"We find no significant differences between the use in a firm name of the surname of a deceased partner and the surname of a partner not practicing in New York. In both instances the firm name is an institutional description."

In the present case, the letterhead of the law firm will indicate the address in a building carrying the same name as the law firm, with the street address following. The building was named after an individual who came to Michigan in 1819. After a short stint as deputy clerk and United States Marshal, the individual became a topographer and surveyor for the Governor of the Territory of Michigan, accompanying him on a 4,400 mile odyssey around the State of Michigan. The individual later became a bank president and was involved in real estate but not in the practice of law. He died in the nineteenth century.

While not essential to this opinion, it should be noted that there is no person listed on the roster of attorneys licensed to practice in the state bearing the name of the historic individual.

Selecting the name of a prominent lawyer or political figure not affiliated with the firm, or selecting the name "[Surname] and X," with X being the surname of one of the lawyers actually in practice, would be misleading. In the latter example, the joining of the name of the historic individual with the surname of one of the lawyers in that firm would suggest that all of the individuals named had a affiliation with the firm in the present or in the past. In the present case, the selection of the name "[Surname] Law Firm" reflects the firm's identification with its location in a famous historical building. On these facts, it cannot be considered to be misleading and is an acceptable means of identification under MRPC 7.1 and 7.5.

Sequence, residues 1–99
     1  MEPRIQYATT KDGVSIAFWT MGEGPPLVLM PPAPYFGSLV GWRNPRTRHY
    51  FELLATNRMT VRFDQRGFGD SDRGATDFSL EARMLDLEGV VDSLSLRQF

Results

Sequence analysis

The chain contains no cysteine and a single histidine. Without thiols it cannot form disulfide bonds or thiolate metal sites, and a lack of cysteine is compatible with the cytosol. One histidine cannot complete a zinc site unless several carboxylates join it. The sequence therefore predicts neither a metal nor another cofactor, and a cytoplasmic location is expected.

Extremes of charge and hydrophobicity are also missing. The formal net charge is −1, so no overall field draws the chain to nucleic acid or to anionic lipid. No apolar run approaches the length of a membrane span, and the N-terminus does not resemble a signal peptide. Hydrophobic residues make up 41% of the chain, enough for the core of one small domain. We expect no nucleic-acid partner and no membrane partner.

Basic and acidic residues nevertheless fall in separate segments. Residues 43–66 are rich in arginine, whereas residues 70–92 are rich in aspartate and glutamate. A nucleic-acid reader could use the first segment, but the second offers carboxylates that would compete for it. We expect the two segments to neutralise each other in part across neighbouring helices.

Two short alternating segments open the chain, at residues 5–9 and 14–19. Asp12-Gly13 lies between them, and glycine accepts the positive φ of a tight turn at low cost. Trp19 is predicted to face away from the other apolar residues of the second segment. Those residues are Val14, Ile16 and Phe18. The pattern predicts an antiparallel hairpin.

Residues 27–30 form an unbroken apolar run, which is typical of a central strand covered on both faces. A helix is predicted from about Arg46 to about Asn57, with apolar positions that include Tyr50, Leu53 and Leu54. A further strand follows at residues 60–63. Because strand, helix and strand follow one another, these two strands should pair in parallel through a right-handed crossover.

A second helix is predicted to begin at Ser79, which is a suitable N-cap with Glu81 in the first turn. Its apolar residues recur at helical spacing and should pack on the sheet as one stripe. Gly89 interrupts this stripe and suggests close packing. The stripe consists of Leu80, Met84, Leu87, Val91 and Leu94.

In Friedman v. Rogers, 440 US 1 (1979), the Supreme Court upheld the constitutionality of a state licensing agency prohibiting the use of trade names for professional optometry services. Yet, the Court noted that "[t]he use of trade names . . . is a form of commercial speech and nothing more." The Court noted that the potential communicative value of the trade name must be balanced against its potential to deceive or mislead. While the Supreme Court determined that states could prohibit trade names for professional services, the Supreme Court of the State of Michigan has elected not to do so. Because there is nothing misleading in the name proposed, the firm's use of the name does not violate ethics rules.

A law firm may select a common last name as the title of the firm even if no individual with that surname practices with the law firm as long as the selection of the name is not otherwise misleading or deceptive.